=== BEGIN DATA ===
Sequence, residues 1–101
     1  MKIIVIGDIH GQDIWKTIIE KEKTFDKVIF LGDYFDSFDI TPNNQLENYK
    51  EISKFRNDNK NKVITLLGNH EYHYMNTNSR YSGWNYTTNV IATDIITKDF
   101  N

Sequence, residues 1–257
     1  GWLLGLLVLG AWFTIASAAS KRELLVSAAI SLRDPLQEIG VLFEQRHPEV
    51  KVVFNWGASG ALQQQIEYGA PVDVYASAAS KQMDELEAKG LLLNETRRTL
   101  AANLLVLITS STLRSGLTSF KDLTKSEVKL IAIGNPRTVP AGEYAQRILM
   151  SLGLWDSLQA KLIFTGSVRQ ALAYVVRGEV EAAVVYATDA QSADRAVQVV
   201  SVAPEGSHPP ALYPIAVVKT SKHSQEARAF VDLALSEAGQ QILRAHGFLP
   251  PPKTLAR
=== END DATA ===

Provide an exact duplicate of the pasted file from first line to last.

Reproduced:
Sequence, residues 1–101
     1  MKIIVIGDIH GQDIWKTIIE KEKTFDKVIF LGDYFDSFDI TPNNQLENYK
    51  EISKFRNDNK NKVITLLGNH EYHYMNTNSR YSGWNYTTNV IATDIITKDF
   101  N

Sequence, residues 1–257
     1  GWLLGLLVLG AWFTIASAAS KRELLVSAAI SLRDPLQEIG VLFEQRHPEV
    51  KVVFNWGASG ALQQQIEYGA PVDVYASAAS KQMDELEAKG LLLNETRRTL
   101  AANLLVLITS STLRSGLTSF KDLTKSEVKL IAIGNPRTVP AGEYAQRILM
   151  SLGLWDSLQA KLIFTGSVRQ ALAYVVRGEV EAAVVYATDA QSADRAVQVV
   201  SVAPEGSHPP ALYPIAVVKT SKHSQEARAF VDLALSEAGQ QILRAHGFLP
   251  PPKTLAR